While newly emerging transdisciplinary initiatives might surpass the conventional disciplines in performing the necessary task of realigning changing forms of knowledge to the global challenges of the 21st century, the success of ‘studies’ programs might actually weaken the transgressive impulse at the heart of transdisciplinarity. How so? In order to be effective within the still dominant academic order of largely self-contained disciplines, GS and other ‘studies’ fields face considerable pressures (and incentives) to join the existing single-discipline club as—yes—yet another separate-discipline member. In other words, the more popular global studies becomes, the greater the danger of contracting the disciplinary disease of drawing conceptual boundaries between ‘us’ and ‘them’, which is institutionally fortified by the erection of protective departmental walls and the separate allocation of resources.
The task, then, is for the new transdisciplinary field to attract talented scholars willing to assume the burden of employing dynamic methodologies and remaining open to scholarly innovation. They must develop a clear agenda for transdisciplinarity in global studies that can inspire followers among students and faculty. GS needs to expand its foothold in the dominant academic landscape while at the same time continue its work against the prevailing order. To satisfy these seemingly contradictory imperatives, global studies must retain its perilous ambition to project ‘globalization’ across the conventional disciplinary matrix, yet accept with equal determination the pragmatic task of finding some accommodation within the very disciplinary structure it seeks to transform. Such necessary attempts to reconcile these diverging impulses force scholars to play at least one, and preferably more, of three distinct roles, depending on the concrete institutional opportunities and constraints they encounter in their academic home environment.
First, GS sympathizers might have to assume the role of intrepid mavericks willing to establish global studies as a separate discipline—as a first but necessary step toward the more holistic goal of comprehensive integration. The collective efforts of scholars located in the UCSB Global Studies department or RMIT University’s Globalism Research Center (now Centre for Global Research) represent an impressive model of how such difficult maverick activities can lead to remarkably successful outcomes. However, as Armin Krishnan (2009: 34) has pointed out, leaving one’s discipline behind does not mean the wholesale abandonment of one’s original disciplinary interests: ‘[P]ractically every new discipline starts off necessarily as an interdisciplinary project that combines elements from some parent discipline(s) with original new elements and insights’. To be sure, mavericks must possess a certain spirit of adventure that makes it easier for them to leave their original disciplinary setting behind to cover new ground. And being mavericks always carries the considerable risk that they and their new field will possibly fail.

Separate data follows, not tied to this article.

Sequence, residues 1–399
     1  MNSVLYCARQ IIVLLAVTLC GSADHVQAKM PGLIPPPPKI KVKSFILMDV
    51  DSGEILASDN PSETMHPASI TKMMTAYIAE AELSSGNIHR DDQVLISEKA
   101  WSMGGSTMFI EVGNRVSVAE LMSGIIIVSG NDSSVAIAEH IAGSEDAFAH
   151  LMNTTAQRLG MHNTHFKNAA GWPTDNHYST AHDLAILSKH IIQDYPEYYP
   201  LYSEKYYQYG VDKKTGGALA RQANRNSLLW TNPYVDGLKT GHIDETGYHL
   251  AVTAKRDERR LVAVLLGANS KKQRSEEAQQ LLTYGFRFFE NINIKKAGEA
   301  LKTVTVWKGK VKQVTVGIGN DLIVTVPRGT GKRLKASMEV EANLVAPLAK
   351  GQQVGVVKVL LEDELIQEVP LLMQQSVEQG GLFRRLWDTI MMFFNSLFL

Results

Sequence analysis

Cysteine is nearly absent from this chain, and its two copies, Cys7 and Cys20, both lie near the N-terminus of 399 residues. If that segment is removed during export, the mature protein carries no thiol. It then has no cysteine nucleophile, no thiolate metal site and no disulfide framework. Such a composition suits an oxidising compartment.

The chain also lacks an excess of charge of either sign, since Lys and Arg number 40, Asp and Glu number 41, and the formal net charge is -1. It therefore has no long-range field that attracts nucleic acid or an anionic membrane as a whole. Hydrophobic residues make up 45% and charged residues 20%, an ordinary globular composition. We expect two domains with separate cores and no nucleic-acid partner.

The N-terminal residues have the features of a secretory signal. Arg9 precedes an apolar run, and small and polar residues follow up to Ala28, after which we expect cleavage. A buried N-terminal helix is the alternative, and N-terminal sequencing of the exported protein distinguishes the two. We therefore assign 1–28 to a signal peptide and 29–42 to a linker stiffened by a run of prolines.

The task, then, is for the new transdisciplinary field to attract talented scholars willing to assume the burden of employing dynamic methodologies and remaining open to scholarly innovation. They must develop a clear agenda for transdisciplinarity in global studies that can inspire followers among students and faculty.
Second, GS scholars must be prepared—if their academic context demands it—to embrace the role of radical insurgents seeking to globalize established disciplines from within. This means working toward the goal of carving out a ‘global studies’ dimension or status within specific disciplines such as political science or sociology. A specific example of such ‘insurgent’ activity would be Peter Dicken’s (2004) fierce critique of his own discipline of geography for failing to engage properly with intellectually and economically significant globalization debates. He challenged his colleagues to take up what he considers the ‘central task for geographers’—to pay more attention to contemporary global issues and concerns such as the spatial outcomes of globalization that set the framework for crucial social dynamics in the 21st century. Dicken’s plea did not fall on deaf ears, for one can find today many human geographers at the cutting-edge frontiers of GS research.
Finally, students of GS must slip into the role of tireless nomads travelling perpetually across and beyond disciplines in order to reconfigure existing and new knowledge around concrete globalization research questions and projects. The nomadic role, in particular, demands that GS scholars familiarize themselves with vast literatures on pertinent subjects that are usually studied in isolation from each other.
Indeed, one of the most formidable intellectual challenges facing GS today lies in its enduring commitment to making transdisciplinarity work in concrete university settings. This task requires the integration and synthesis of multiple strands of knowledge in a way that does justice to the ever-growing complexity, fluidity, and connectivity of our globalizing world.
32–39 (2012). Published online 22 December 2011
David Alvargonzález. 2011. ‘Multidisciplinarity, Interdisciplinarity, Transdisciplinarity,
Peter Dicken. 2004. ‘Geographers and “globalization”: (yet) another missed boat?’,
Jane Kenway and Johannah Fahey, eds. 2009. Globalizing the Research
Armin Krishnan, 2009. ‘What are Academic Disciplines? Some Observations
Jan Nederveen Pieterse. 2013. ‘What is Global Studies?’, Globalizations
Allen F. Repko,. 2011. Interdisciplinary Research: Process and Theory.